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Supreme Court of Georgia.

INQUIRY CONCERNING JUDGE ANTHONY PETERS. In reaching a determination as to whether or not a judge should be removed from office,

S11Z1336.

    Decided: September 06, 2011

After receiving complaints about the alleged misconduct of Catoosa County Magistrate Court Judge Anthony Peters from, among others, Chief Magistrate Judge Sonny Caldwell, the Judicial Qualifications Commission (JQC) initiated an investigation.   Following the investigation, and after Judge Peters appeared before the JQC on October 28, 2010 to discuss the allegations against him, the JQC filed formal charges in this Court to have Judge Peters permanently removed from his position as a judge and barred from ever holding or seeking elected or appointed judicial office in the State of Georgia.1  Having reviewed the record of the JQC's inquiry, and for the reasons that follow, we agree with the recommendation of the JQC, and order that Judge Peters be immediately and permanently removed from the bench and be barred from ever holding or seeking elected or appointed judicial office in Georgia.

The record reveals that a hearing was held before the JQC on the charges against Judge Peters on April 14–15, 2011, and that the JQC found, among other things, that Judge Peters had (1) violated Canon 2 2 of the Code of Judicial Conduct by obtaining and consuming marijuana at least once a week from March to May of 2010; 3  (2) inappropriately used his judicial office to advance the personal interests of a family member (in violation of Canon 2 4 of the Code of Judicial Conduct) by showing up at the house of his sister-in-law's estranged husband, identifying himself as a Magistrate Judge, and then kicking in two interior doors at the man's home to gain access to two bedrooms; 5  (3) violated Canon 2 of the Code of Judicial Conduct when, in the spring of 2009 in the Catoosa County Courthouse, he pointed a firearm at himself and indicated to another Magistrate Judge that he was not afraid to die by saying, “I am not scared.   Are you all scared?”; 6  (4) violated Canon 2 of the Code of Judicial Conduct by appearing on a local cable television show called “Night Talk” on June 21, 2010, and (a) making derogatory remarks about the Chief Magistrate Judge and calling him “spineless,” (b) publicly disclosing that he had filed a complaint with the JQC against the Chief Magistrate Judge, and (c) displaying a photograph of an individual and identifying that individual by name as a confidential informant of the Catoosa County Sheriff's office; 7  (5) violated Canon 2 of the Code of Judicial Conduct by making a phone call to a local cable television talk show on June 22, 2010, and, after initially trying to disguise his voice with multiple foreign accents while speaking with the Catoosa County Sheriff (who was being interviewed on the show), told the Sheriff that he had “crapped himself” and that the Sheriff was a “spineless jelly spine”; 8  (6) violated Canon 3(B)(1) 9 of the Code of Judicial Conduct, and OCGA § 15–10–21,10 by refusing to work certain hours that had been specifically assigned to him by the Chief Magistrate Judge; 11  and (7) based on all of the proven allegations, Judge Peters' conduct violates Canon 1 of the Code of Judicial Conduct, which requires judges to “establish[ ], maintain[ ], and enforc[e] high standards of conduct ․ so that the integrity and independence of the judiciary may be preserved.”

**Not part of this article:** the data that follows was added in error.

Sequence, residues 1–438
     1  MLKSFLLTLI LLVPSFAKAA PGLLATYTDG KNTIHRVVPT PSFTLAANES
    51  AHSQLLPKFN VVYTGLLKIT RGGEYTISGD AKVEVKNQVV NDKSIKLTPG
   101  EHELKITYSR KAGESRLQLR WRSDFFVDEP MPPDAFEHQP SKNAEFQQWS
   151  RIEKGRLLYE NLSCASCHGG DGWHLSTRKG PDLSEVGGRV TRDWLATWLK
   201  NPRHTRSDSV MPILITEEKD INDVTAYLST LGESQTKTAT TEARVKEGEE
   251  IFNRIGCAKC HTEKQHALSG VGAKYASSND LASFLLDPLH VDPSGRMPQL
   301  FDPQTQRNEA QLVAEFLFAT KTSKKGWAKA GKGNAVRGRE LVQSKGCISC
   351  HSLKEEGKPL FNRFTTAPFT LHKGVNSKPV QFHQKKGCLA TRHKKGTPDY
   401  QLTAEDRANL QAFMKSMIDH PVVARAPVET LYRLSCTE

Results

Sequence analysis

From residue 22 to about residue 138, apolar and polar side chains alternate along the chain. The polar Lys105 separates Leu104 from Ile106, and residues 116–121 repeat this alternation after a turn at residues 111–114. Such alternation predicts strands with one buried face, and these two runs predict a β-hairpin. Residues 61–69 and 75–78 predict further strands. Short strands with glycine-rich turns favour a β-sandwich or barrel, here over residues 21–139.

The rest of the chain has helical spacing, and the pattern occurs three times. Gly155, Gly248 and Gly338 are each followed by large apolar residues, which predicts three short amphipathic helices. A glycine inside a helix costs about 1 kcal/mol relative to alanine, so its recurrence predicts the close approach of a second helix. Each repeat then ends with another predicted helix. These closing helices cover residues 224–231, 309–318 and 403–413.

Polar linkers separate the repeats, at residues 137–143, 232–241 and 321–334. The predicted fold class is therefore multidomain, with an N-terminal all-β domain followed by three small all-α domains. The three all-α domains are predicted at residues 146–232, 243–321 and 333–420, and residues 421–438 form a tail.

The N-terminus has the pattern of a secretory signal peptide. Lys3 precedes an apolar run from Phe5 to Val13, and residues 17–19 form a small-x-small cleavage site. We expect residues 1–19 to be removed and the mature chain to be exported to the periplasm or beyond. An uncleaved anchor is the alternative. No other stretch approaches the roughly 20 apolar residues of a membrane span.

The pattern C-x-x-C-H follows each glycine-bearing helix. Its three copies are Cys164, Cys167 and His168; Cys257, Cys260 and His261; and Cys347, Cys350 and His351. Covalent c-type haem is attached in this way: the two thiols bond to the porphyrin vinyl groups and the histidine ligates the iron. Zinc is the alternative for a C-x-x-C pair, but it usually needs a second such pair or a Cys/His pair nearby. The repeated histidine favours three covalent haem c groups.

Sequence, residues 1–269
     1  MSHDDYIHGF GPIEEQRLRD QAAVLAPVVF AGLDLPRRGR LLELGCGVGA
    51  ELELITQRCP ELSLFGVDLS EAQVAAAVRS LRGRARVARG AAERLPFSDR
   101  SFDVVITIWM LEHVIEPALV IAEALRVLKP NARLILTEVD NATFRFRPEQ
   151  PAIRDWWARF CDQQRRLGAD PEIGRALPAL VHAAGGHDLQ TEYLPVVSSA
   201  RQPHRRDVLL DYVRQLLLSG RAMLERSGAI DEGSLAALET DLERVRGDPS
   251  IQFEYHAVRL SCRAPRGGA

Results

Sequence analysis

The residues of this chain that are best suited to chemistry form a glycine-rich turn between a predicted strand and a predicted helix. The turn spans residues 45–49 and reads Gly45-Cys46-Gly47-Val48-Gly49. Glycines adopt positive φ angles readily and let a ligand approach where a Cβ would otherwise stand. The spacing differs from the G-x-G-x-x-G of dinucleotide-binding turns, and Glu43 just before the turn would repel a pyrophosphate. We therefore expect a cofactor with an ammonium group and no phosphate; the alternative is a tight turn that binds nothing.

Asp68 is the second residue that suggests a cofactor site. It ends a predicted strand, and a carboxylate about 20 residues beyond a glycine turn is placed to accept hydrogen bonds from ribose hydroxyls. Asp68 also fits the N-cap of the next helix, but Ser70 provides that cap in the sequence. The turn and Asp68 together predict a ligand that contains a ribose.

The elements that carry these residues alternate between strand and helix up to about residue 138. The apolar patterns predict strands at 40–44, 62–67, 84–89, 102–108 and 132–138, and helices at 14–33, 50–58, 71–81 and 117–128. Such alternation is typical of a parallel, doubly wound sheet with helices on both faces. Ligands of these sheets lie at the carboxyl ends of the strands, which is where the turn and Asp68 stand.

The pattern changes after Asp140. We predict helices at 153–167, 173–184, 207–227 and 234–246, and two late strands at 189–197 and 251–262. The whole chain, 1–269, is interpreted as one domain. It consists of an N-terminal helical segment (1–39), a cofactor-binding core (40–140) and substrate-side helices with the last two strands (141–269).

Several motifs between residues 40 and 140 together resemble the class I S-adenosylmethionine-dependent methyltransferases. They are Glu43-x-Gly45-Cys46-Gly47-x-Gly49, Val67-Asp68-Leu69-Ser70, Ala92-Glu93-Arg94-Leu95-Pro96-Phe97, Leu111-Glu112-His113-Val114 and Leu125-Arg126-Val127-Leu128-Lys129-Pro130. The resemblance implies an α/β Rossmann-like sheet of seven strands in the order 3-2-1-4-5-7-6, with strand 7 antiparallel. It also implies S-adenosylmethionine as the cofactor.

“Any judge may be removed, suspended, or otherwise disciplined for willful misconduct in office, ․ or for conduct prejudicial to the administration of justice which brings the judicial office into disrepute.”  Ga. Const. of 1983, Art. VI, Sec. VII, Par. VII(a).